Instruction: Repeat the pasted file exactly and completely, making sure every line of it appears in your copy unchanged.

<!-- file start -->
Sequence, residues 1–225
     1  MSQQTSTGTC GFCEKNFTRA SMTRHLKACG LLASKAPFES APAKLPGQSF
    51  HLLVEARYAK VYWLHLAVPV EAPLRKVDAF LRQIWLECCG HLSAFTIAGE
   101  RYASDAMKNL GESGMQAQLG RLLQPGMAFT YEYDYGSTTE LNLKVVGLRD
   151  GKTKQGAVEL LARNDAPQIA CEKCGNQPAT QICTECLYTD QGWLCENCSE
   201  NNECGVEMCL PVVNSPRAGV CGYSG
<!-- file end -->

Sequence, residues 1–225
     1  MSQQTSTGTC GFCEKNFTRA SMTRHLKACG LLASKAPFES APAKLPGQSF
    51  HLLVEARYAK VYWLHLAVPV EAPLRKVDAF LRQIWLECCG HLSAFTIAGE
   101  RYASDAMKNL GESGMQAQLG RLLQPGMAFT YEYDYGSTTE LNLKVVGLRD
   151  GKTKQGAVEL LARNDAPQIA CEKCGNQPAT QICTECLYTD QGWLCENCSE
   201  NNECGVEMCL PVVNSPRAGV CGYSG